Rotorua is known for bubbling mud pools, shooting geysers and natural hot springs, as well as showcasing our fascinating Maori culture. From crystal-clear streams and magical forests, to epic biking trails and explosive geysers, Rotorua has it all. The city offers a raft of attractions and experiences for everyone from adventure-seekers to those just looking to unwind.

Sitting within the Pacific Rim of Fire, Rotorua is a geothermal wonderland with bubbling mud pools, clouds of steam, and natural hot springs perfect for bathing and relaxing in. After marvelling at the distinctive landscapes and volcanic activity within a geothermal park, enjoy a simple soak in a natural hot stream or indulge in a wellness getaway at a luxurious spa.

Lake Taupo

Lake Taupo

The beautiful Lake Taupo is about the size of Singapore – more of an inland sea really. Lake Taupo was created nearly two thousand years ago by a volcanic eruption so big it darkened the skies in Europe and China. Visit the Craters of the Moon and you'll see evidence of the lake's fiery birth in the geysers, steaming craters and boiling mud pools. At some of Lake Taupo's beaches, swimmers and paddlers can enjoy warm, geothermal water currents.

Taupo is a great lake for water-skiing, sailing and kayaking. The Maori rock carvings at Mine Bay, which can only be seen from the water, make for a great boat trip or kayaking excursion. The forests surrounding the lake offer hiking and mountain biking to suit all levels of experience. But what Lake Taupo is really known for is fishing; the town of Turangi has the largest natural trout fishery in the world. Turangi also happens to provide a convenient base for exploring Tongariro National Park, whether it be walking the Tongariro Alpine Crossing (New Zealand's most popular day walk) or skiing at Whakapapa and Turoa ski fields.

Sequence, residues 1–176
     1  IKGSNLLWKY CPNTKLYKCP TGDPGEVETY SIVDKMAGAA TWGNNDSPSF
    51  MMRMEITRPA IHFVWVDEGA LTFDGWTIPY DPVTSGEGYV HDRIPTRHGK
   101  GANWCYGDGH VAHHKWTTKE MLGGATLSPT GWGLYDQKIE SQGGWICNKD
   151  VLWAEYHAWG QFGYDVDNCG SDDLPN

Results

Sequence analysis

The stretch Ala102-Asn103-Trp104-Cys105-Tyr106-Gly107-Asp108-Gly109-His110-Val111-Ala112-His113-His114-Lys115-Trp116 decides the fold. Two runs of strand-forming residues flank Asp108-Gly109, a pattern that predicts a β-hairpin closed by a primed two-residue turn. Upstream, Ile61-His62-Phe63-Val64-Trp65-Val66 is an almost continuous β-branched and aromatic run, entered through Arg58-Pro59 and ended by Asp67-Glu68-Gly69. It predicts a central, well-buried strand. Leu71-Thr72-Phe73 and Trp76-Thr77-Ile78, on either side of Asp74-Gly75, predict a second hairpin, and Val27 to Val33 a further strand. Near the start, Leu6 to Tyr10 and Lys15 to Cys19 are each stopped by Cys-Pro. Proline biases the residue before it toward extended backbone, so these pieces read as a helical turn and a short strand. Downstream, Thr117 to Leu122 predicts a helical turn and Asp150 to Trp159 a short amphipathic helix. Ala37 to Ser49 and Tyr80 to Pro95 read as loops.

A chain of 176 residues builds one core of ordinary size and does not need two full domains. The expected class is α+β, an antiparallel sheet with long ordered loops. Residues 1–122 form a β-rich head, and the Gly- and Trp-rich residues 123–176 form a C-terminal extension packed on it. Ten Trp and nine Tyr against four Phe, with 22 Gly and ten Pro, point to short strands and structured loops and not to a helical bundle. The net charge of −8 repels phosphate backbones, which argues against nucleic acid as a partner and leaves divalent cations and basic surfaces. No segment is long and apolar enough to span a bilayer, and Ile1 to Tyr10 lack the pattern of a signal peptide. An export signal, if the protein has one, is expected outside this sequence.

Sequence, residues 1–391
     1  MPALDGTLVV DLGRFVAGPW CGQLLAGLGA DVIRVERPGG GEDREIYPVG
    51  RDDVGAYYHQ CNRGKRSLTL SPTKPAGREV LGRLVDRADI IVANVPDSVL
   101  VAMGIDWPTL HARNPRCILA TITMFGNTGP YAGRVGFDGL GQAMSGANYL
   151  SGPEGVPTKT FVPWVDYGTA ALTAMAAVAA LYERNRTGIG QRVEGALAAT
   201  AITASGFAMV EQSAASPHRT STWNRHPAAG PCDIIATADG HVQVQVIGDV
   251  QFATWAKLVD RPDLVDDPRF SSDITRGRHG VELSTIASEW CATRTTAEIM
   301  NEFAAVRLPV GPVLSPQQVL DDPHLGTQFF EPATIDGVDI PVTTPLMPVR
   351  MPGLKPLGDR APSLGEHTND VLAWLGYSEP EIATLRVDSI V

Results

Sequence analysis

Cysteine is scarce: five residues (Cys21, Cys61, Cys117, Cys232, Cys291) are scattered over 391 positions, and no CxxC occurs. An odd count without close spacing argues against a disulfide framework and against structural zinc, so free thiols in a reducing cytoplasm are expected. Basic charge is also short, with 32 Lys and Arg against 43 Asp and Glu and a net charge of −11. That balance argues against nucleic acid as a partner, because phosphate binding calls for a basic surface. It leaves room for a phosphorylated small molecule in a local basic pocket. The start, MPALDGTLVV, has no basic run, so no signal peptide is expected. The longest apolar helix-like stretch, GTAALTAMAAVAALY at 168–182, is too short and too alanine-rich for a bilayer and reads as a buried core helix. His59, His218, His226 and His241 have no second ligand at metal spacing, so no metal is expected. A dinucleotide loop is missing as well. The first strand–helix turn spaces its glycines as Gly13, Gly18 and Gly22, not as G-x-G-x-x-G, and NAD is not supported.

Napier

Napier

Beautifully preserved 1930s architecture is Napier's special point of difference. A national disaster resulted in Napier becoming one of the purest Art Deco cities in the world. In 1931 a massive earthquake rocked Hawke's Bay for more than three minutes, killing nearly 260 and destroying the commercial centre of Napier.

Rebuilding began almost immediately, and new buildings reflected the architectural styles of the times - Stripped Classical, Spanish Mission and Art Deco. Local architect Louis Hay, an admirer of the great Frank Lloyd Wright, had his chance to shine. Maori motifs were employed to give the city a unique New Zealand character - for example, the ASB bank on the corner of Hastings and Emerson Streets features Maori koru and zigzags.

Wellington

Mount Victoria Wellington - Credit Rob Suisted

Situated at the southern end of the North Island, Wellington, New Zealand, was recently named "the coolest little capital in the world" by Lonely Planet. Surrounded by nature and fuelled by creative energy, Wellington is a compact city with a powerful mix of culture, history, nature and cuisine. Fuel your visit with strong coffee and world-class craft beer – Wellingtonians are masters of casual dining, with plenty of great restaurants, night markets and food trucks.

Relax at Oriental Bay, Wellington’s golden-sand inner-city beach and delve into the many museums, art galleries and theatre shows that make up the city’s pulsing cultural scene. If you’re into the outdoors, Wellington has action-packed adventure activities like mountain biking and sea-water kayaking, as well as beautiful walks around the harbour and surrounding hills.

If you feel inspired to visit New Zealand, check out our New Zealand holidays at fcholidays.com/new-zealand/itineraries